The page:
DEERFIELD BEACH, Fla. — JM Family Enterprises has been ranked at No. 7 on IDG's Computerworld list of the "100 Best Places to Work in IT 2008." JM Family was ranked No. 5 among mid-sized companies. It is also the highest-ranked company headquartered in Florida and the leading automotive company on the list.

The honor is part of the publication's 15th annual "Best Places to Work in IT" survey, which is being published in the June 30 issue of Computerworld and online at This is the first time JM Family applied to be on the prestigious list.

"Being named among the top 10 is a major credit to our entire IT team who made this distinguished recognition possible," said Colin Brown, president/CEO, JM Family Enterprises. "It is certainly a tribute to our late founder Jim Moran, who left an extraordinary legacy for us to continue."

The profile article accompanying the list touted JM Family's "Associates Helping Associates" program, which provides immediate financial assistance to associates facing hardship resulting from, for example, loss of home due to fire. It also highlighted the JM Family Associate Hotline, which allows associates to report in that they are safe or need assistance via phone, text message or Website following a hurricane or other emergency.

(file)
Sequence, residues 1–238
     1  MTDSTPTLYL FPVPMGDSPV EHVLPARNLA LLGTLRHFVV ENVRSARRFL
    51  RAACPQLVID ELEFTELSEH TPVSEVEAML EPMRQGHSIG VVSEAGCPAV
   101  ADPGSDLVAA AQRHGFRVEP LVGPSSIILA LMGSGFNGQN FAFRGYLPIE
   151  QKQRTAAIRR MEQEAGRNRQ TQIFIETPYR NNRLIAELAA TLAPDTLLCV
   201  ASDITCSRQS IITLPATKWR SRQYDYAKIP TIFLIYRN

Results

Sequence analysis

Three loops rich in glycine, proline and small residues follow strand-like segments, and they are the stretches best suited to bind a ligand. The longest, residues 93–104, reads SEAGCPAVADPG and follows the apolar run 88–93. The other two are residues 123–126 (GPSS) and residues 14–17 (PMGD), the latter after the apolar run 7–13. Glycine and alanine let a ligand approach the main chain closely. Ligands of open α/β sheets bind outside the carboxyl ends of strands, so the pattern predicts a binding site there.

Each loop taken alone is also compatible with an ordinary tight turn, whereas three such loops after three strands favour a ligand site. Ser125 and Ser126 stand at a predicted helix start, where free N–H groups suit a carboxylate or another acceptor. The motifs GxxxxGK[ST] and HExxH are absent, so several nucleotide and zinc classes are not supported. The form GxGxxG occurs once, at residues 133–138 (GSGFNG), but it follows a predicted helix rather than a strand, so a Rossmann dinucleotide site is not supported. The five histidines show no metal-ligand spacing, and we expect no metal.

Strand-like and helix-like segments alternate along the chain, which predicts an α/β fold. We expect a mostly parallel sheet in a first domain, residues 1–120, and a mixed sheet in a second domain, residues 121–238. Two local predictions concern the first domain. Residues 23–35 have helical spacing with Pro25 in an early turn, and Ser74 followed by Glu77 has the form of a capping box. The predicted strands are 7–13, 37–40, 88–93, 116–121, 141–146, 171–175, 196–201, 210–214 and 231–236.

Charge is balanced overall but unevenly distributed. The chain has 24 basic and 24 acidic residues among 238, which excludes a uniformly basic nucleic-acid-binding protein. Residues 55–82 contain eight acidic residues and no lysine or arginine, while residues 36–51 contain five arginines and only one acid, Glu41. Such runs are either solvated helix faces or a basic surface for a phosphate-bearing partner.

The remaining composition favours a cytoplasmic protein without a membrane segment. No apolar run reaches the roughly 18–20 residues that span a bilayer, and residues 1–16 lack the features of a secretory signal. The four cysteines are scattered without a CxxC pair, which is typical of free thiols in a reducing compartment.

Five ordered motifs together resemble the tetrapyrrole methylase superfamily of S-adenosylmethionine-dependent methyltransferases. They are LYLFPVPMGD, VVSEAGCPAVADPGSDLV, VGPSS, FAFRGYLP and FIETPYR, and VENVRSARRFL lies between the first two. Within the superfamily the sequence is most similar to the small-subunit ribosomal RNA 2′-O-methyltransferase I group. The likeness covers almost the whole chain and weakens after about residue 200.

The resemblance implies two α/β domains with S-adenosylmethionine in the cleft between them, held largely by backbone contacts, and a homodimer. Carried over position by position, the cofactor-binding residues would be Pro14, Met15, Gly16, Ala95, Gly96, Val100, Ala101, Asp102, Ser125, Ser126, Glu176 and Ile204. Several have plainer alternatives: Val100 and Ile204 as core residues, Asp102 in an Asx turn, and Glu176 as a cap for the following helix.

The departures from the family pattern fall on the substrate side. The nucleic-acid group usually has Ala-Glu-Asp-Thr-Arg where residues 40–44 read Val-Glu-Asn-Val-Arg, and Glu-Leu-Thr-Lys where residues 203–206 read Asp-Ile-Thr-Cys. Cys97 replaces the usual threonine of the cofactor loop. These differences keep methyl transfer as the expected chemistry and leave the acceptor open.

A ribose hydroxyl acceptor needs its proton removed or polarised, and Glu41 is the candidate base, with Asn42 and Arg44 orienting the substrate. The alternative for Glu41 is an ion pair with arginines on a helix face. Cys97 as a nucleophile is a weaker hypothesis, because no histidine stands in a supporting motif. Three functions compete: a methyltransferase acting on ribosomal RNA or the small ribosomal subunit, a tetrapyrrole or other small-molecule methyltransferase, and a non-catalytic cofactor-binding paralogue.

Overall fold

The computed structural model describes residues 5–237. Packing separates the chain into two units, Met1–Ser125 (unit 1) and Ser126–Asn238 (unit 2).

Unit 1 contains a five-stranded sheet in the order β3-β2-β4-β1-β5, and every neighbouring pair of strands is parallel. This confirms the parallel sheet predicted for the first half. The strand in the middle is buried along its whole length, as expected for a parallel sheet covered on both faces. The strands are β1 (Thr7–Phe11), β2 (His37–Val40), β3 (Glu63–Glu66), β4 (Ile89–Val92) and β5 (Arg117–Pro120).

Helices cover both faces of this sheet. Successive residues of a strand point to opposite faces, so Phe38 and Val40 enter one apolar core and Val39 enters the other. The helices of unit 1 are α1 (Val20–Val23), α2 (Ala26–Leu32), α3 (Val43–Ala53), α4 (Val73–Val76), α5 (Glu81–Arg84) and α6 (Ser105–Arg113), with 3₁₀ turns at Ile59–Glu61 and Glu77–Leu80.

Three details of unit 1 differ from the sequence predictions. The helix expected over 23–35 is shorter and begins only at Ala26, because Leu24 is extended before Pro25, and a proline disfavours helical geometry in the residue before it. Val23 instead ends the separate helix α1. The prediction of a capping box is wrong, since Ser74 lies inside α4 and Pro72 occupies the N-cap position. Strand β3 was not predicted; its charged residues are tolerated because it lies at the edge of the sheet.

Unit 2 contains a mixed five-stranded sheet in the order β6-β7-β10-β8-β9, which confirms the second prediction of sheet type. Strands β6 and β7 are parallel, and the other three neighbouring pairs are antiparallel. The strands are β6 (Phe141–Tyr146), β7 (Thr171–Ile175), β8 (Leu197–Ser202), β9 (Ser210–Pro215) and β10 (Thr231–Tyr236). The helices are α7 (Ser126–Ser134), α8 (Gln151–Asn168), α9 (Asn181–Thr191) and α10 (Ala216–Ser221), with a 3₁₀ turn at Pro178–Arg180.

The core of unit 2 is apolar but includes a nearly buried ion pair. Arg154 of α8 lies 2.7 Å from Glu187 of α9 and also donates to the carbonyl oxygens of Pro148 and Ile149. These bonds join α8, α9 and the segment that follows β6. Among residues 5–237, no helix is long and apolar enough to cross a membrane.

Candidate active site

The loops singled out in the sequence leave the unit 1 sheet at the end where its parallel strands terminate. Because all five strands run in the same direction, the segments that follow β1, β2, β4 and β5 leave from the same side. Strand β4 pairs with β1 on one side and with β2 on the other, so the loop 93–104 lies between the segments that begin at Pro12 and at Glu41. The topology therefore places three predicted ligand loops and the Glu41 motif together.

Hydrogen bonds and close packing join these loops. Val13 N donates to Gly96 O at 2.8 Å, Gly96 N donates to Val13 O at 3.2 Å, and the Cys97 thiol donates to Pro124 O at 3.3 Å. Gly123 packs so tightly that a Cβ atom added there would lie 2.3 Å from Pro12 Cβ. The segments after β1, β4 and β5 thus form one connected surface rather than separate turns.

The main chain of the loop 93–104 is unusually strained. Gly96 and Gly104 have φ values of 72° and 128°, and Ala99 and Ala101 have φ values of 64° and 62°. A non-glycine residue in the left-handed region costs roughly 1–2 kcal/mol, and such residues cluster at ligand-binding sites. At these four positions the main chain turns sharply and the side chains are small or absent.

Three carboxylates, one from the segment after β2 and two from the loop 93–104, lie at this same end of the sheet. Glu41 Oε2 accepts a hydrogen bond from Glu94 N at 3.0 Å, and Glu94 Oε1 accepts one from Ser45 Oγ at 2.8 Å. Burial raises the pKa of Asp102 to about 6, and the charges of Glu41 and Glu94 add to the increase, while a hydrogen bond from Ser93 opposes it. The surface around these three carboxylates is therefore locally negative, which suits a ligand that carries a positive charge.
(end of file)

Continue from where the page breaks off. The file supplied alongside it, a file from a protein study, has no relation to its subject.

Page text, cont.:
Since 1994, Computerworld's annual "Best Places to Work in IT" feature has ranked the top 100 work environments for technology professionals, based on a comprehensive questionnaire regarding company offerings in categories such as benefits, diversity, career development, training and retention. In addition, this year Computerworld surveyed more than 31,000 IT workers for the list, and their responses factored heavily in determining the rankings.

"Being among the Best Places to Work in IT means crafting a blend of employee advantages that includes the potential for flexible hours, competitive pay, excellent benefits, a supportive leadership environment, opportunities for ongoing training and advancement, and ultimately, the feeling that you'd like to stay with the company a long, long time," said Scot Finnie, editor in chief of Computerworld.